5 Sustainable seafood stops

FEAST: Guilt-free sushi, oysters, and other delicacies from under the sea
Guardian photo by Charles Russo

Ten years ago, hardly anyone was talking about sustainable seafood. Now, thanks to the Monterey Bay Aquarium and its Seafood Watch (www.montereybayaquarium.org/cr/SeafoodWatch) program, the concept is a bona fide trend in culinary circles. But not everyone knows what “sustainable seafood” means. The idea behind the Aquarium’s programs, including pocket guides that list which kinds of seafood are OK to eat and which should be avoided, is to maintain the ocean’s ecosystem and supply of seafood through smart consumer choices.

But figuring out which is which isn’t easy. For example, farmed oysters are OK because they can be grown on strings or pier-pilings, which doesn’t necessitate digging anything up or decimating other seafood populations. Farmed salmon, on the other hand, requires catching other fish to feed them – not to mention that farming practices often lead to diseased fish. Which is why Seafood Watch employs a team of scientists to look into every aspect of every kind of fish – and distribute the information nationwide (now on iPhones too) twice a year.

Even better? The Bay Area is doing more than just jumping on the bandwagon. On April 15, three organizations – the California Academy of Sciences, the San Francisco Zoo, and Aquarium of the Bay – announced the formation of the first Seafood Watch regional alliance, taking their existing involvement with the sustainable seafood movement to another level. Which means the promise of an ever-increasing number of restaurants and culinary schools adhering to Seafood Watch principles.

For now, though, the alliance is just getting started in SF. We checked in with Ken Peterson of Monterey Bay Aquarium and Carrie Chen of the Aquarium of the Bay to find out which Bay Area hot spots are already sustainability superstars.


Perhaps first on Seafood Watch’s list of Bay Area favorites is this Pacific Heights sushi bar – the only sustainable sushi restaurant in the country. “It’s one of the few truly sustainable restaurants, top to bottom,” said Ken Peterson, spokesman for the Monterey Bay Aquarium. “It’s unbelievably good as well as environmentally pristine.” Chen agreed. “You go to that restaurant and you don’t have to whip out your Seafood Watch card, because everything there is OK to eat,” she said. In fact, chefs go out of their way to find sustainable alternatives to red list items in order to maintain an interesting and varied menu. Friendly staff, a good atmosphere, an extensive sake selection (including sake sangria), and the incendiary Extinguisher roll (spicy amberjack, avocado, habanero masago, and hot sauce on a flaming plate) make it one of our favorites too.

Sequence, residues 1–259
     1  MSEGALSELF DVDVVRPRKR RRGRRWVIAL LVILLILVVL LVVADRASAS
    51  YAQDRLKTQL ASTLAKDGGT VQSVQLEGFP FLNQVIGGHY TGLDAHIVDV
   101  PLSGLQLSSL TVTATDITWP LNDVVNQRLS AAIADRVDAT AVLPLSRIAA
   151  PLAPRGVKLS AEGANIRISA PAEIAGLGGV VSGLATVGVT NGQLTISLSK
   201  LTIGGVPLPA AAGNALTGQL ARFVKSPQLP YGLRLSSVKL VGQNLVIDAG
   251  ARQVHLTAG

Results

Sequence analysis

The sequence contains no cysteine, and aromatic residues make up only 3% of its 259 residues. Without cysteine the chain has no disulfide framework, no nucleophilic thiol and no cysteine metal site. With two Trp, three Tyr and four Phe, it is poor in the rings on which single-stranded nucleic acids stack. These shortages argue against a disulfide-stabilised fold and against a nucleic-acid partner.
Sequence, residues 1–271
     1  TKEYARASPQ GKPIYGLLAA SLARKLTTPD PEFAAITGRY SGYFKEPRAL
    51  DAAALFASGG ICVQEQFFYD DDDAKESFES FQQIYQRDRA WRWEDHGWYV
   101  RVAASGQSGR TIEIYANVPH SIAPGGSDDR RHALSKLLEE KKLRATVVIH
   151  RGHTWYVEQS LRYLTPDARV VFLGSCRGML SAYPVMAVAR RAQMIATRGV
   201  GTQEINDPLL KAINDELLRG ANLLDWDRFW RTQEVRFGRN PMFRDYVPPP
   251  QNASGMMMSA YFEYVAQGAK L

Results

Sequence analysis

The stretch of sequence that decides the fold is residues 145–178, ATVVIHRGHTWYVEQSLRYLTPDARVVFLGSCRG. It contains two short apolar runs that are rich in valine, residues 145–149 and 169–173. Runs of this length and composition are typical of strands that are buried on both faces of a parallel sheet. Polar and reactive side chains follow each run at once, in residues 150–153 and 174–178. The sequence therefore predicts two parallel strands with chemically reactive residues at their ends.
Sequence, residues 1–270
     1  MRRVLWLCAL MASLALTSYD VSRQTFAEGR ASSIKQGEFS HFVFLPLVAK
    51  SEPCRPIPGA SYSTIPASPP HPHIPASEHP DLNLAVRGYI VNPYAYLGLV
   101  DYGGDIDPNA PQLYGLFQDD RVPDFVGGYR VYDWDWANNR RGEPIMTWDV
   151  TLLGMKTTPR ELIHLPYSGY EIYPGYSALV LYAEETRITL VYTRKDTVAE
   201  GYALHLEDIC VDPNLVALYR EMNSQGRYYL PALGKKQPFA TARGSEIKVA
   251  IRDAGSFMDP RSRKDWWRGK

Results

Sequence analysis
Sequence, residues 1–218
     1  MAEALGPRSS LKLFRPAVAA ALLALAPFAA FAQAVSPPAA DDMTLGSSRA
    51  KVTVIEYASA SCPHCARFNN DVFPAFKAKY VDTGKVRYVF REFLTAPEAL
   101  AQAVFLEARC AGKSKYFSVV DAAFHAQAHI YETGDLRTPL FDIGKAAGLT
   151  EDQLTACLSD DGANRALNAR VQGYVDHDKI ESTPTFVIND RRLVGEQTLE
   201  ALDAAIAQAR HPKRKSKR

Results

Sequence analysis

2815 California, SF. (415) 931-1182, www.tatakisushibar.com


Another Monterey Bay Aquarium recommendation is this Union Square gem – and not just because the aquatic-themed décor is reminiscent of the aquarium’s underwater worlds itself. Chefs have an eye on sustainability when they choose their constantly changing menu, as well as when stocking the raw seafood and oyster bars. Plus, Seafood Watch pocket guides are available at the check-in area, and the food is delicious and beautifully presented.

450 Post, SF. (415) 956-6969, www.farallonrestaurant.com


Visitors love Hog Island’s view, happy hour specials, Cowgirl Creamery grilled cheese sandwiches, and fresh oysters with Hog Wash sauce (vinegar, shallots, cilantro, jalapeno, and lime). We love that Hog Island chefs have participated in the Aquarium’s annual Cooking for Solutions event, which brings Monterey and Bay Area restaurant representatives together to celebrate culinary sustainability.

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